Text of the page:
WeLoveThisBook.com. In alternately clinical and whimsical language, with fresh metaphors that have survived the translation from Italian by Antony Shugaar admirably, di Grado examines the secret sadness passed down through families.
Date: Jun 11 2015
In Viola di Grado’s second novel, a suicide victim narrates her short life and surprising afterlife.
Twenty-five-year-old Dorotea Giglio slit her wrists in the bathtub in July 2011 and expired in “a grim mojito of mint bubble bath and blood”. Over the next four years she chronicles her physical decomposition as well as her spirit’s enduring search for love. Flashbacks to childhood reveal that she never met her father and that her mother, a fashion photographer, struggled with depression. Indeed suicide runs in the family: Aunt Lidia walked into the river, à la Virginia Woolf, in 1970.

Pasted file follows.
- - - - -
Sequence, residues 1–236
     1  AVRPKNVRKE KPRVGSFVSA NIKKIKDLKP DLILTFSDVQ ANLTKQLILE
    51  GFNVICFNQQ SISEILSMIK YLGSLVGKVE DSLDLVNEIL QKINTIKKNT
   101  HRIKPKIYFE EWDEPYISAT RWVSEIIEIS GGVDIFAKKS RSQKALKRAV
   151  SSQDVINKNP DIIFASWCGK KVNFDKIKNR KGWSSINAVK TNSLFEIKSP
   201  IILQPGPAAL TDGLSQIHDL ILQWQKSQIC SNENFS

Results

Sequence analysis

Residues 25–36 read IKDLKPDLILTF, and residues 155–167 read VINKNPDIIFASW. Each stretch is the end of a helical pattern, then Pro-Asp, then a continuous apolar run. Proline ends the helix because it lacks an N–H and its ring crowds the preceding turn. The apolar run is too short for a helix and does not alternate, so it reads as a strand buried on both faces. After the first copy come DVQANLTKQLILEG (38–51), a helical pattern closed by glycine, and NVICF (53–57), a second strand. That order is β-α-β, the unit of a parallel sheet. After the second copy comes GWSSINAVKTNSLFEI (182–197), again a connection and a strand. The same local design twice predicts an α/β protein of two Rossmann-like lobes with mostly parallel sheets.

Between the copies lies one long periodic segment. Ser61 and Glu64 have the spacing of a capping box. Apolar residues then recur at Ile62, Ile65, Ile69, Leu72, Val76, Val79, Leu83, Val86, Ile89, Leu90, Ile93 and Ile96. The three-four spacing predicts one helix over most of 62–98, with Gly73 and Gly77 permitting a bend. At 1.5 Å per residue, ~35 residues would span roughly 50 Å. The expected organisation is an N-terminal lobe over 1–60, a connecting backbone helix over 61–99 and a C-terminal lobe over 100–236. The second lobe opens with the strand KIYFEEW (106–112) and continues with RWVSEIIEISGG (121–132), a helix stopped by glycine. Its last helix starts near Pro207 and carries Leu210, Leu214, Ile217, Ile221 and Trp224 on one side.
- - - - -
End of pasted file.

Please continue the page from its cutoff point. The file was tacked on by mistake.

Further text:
The border between life and death is permeable; Dorotea can interact with her corpse and people she once knew. She continues her former work and routines but most people experience her as a breath on the neck or a fragment of violin music. The only one who sees her is her elderly boss at a stationers. Meanwhile, the dead form a bizarre alternative community with macabre habits. Dorotea walks a dead foetus on a leash and she and her friends travel to London to see Amy Winehouse give a posthumous performance.
When Dorotea falls in love with new colleague Alberto, her emotions soar even though her physical heart has shrivelled: “Inside me, along with love, ammonia developed, and a swarm of larvae took up residence in my interior.” In alternately clinical and whimsical language, with fresh metaphors that have survived the translation from Italian by Antony Shugaar admirably, di Grado examines the secret sadness passed down through families.